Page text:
Global Uncertainties Put Aussie on the Edge


FullertonMarkets Representative
Aussie dollar may not have bottomed yet as production capacity in China remains low

China’s economy has been running at just 40-50% capacity in the last weeks, with large variations across sectors. This may continue to weigh on the Aussie dollar, one of the proxies to gauge the Chinese economy.

In the absence of reliable and high-frequency data, we base our estimate on the best available numbers, a close reading of the news, and conversations with contacts across the country. The picture that emerges points to downside risks to an already-bleak forecast for Q1 growth.

Daily transport numbers showed that passenger volumes since 31 January have been 85% below 2019 levels, suggesting a large fraction of migrant workers has yet to return to work after the extended Lunar New Year holiday. Foreign exchange trading volumes and copper output suggest that businesses might be running at 50% capacity. Medical supply firms – where production would be prioritised during a virus outbreak – and centrally managed state-owned enterprises which have more resources to mobilise, set high watermarks. Available data suggest that they’re above 75% of capacity.

Our initial scenario analysis pointed to China’s growth slowing to 4.0% year on year in Q1. An economy operating at 40-50% capacity for two weeks, and gradually returning to normal, would pose downside risks to that scenario. According to data from the Ministry of Transport, the average number of people travelling per day by any means – such as road, rail, water and air – between 31 January (the first day after the usual Spring Festival holiday) and 17 February was between 11 million and 14 million – around 15% of the 2019 level.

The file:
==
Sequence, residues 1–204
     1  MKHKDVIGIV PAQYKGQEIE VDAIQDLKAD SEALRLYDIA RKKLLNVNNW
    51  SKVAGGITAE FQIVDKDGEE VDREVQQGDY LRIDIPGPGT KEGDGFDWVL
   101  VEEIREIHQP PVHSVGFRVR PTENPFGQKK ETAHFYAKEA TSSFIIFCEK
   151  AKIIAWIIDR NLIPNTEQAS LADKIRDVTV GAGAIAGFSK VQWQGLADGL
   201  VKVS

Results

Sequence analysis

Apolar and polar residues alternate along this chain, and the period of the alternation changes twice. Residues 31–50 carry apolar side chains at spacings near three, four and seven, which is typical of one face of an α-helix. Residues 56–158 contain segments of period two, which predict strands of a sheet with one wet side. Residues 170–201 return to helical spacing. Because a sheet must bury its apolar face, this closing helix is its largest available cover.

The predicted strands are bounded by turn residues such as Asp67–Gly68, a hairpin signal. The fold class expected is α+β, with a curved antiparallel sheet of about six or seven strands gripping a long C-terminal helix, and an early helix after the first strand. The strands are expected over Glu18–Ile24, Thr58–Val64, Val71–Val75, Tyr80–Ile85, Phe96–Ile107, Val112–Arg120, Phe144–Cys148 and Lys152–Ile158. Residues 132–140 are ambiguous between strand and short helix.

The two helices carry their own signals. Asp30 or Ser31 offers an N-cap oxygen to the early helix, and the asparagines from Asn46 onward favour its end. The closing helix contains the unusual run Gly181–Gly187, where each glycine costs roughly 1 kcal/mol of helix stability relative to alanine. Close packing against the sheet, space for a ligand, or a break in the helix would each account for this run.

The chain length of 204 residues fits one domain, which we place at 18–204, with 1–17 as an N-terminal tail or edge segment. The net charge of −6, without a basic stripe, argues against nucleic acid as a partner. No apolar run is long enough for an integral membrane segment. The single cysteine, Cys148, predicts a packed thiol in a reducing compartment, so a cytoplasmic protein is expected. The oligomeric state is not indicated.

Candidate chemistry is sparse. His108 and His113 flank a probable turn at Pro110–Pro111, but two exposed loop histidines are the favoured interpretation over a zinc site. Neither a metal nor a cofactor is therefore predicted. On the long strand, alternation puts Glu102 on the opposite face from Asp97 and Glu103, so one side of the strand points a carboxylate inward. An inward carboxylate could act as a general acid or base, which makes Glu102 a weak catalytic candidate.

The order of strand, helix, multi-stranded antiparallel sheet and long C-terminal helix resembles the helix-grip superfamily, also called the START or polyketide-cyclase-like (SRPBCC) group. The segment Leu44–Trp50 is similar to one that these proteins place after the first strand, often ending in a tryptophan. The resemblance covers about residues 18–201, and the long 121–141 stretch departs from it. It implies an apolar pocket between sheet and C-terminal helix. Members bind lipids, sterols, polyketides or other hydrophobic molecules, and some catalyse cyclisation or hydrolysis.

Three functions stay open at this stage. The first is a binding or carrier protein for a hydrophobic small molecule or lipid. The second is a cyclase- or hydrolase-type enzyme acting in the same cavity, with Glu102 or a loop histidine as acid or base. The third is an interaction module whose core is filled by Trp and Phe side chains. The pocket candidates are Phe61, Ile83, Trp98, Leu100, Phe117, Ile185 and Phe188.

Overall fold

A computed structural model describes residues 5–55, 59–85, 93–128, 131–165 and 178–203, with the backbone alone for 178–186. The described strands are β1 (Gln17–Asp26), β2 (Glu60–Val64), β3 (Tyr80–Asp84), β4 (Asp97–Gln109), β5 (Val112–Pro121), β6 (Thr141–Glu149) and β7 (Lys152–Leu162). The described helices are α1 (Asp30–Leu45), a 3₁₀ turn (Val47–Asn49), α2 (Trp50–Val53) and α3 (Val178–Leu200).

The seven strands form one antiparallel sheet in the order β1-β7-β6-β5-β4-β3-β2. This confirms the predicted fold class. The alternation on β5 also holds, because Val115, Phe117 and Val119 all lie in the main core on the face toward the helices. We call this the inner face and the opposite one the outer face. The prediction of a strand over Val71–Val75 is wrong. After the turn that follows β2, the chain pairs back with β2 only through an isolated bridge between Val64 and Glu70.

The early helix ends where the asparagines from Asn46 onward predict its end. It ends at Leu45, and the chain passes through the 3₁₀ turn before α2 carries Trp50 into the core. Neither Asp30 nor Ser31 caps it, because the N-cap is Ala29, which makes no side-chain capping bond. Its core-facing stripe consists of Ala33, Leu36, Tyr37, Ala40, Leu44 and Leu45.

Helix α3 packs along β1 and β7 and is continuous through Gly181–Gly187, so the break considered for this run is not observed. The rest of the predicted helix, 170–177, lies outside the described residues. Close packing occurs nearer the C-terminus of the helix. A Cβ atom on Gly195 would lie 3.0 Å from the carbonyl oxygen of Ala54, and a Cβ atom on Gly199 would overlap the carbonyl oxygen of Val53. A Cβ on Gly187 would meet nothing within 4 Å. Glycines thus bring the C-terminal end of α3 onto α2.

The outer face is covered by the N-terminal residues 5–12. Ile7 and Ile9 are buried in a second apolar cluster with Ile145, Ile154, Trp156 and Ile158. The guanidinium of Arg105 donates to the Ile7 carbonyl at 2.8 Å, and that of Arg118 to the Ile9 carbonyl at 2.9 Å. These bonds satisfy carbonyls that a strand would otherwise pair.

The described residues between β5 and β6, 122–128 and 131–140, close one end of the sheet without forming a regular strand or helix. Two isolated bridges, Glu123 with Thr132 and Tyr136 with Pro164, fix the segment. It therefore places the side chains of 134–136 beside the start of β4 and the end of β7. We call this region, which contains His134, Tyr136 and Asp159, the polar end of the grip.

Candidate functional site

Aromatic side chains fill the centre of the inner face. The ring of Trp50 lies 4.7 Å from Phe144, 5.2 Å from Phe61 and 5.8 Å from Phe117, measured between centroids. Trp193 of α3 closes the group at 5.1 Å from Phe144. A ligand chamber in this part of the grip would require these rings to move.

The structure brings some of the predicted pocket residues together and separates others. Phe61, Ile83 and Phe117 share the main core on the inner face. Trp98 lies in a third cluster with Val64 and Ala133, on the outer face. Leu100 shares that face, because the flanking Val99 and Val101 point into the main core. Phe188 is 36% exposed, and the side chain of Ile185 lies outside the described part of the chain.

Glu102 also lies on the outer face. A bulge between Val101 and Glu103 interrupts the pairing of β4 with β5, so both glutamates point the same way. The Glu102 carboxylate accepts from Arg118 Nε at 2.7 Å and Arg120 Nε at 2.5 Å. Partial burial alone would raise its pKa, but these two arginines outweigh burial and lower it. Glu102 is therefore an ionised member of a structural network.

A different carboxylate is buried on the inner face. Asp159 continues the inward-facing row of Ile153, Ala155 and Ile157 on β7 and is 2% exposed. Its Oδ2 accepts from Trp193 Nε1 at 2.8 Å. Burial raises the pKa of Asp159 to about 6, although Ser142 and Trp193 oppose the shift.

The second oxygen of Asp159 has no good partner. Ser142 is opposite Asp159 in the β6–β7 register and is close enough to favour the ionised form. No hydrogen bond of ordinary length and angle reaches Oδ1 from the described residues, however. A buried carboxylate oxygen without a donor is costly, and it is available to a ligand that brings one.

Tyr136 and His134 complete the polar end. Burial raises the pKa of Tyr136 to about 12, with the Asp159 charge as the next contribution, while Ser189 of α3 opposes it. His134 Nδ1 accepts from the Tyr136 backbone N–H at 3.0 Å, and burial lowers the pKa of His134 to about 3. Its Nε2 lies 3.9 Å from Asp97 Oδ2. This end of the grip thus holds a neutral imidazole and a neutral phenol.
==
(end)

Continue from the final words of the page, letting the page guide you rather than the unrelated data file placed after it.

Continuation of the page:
In China’s cities, a large portion of people headed back to their hometowns for the Lunar New Year break. For major cities, such as Beijing and Shanghai, this can be as high as around 50% of the workforce. Putting these two sets of data together suggests that 40-50% of people in the workforce may not have returned to the city where they work by 15 February. Many of those were likely subjected to quarantine, further reducing staff availability. Across manufacturing and services, the staff crunch is likely to be particularly acute for smaller and private firms, as they tend to have a higher reliance on migrant workers.

UK’s resilient economy and less political uncertainty may continue to support GBP

The UK economy extended a run of better-than-expected growth in February, more evidence of a rebound after fourth-quarter stagnation. While the expansion continued apace, there were also signs of a hit to supply chains from coronavirus, according to IHS Markit’s flash purchasing managers index.

The election of a majority government and Britain’s exit from the European Union on 31 January ended four years of Brexit-related uncertainty. Political stability is keeping the pound steady, while rate-cut bets and falling hedging costs are luring borrowers. For investors, the ability to earn between 60 and 235 basis points over UK borrowing costs, depending on the tenor, is the main attraction.

Our Picks
AUD/USD – Slightly bearish

This pair may drop towards 0.6560 this week.

GBP/USD – Slightly bullish
This pair may rise towards 1.2985.

XAU/USD (Gold) – Slightly bullish
We expect price to rise towards 1675 this week.

U30USD (Dow) – Slightly bearish
Index may fall towards 28415 this week.
On the contrary, it seemed to me that this asset is least exposed to some strong fluctuations, as well as the Canadian dollar. Well, maybe it's the fact that due to its stability it is more easily subject to pressure from the Chinese currency. I have no other explanation.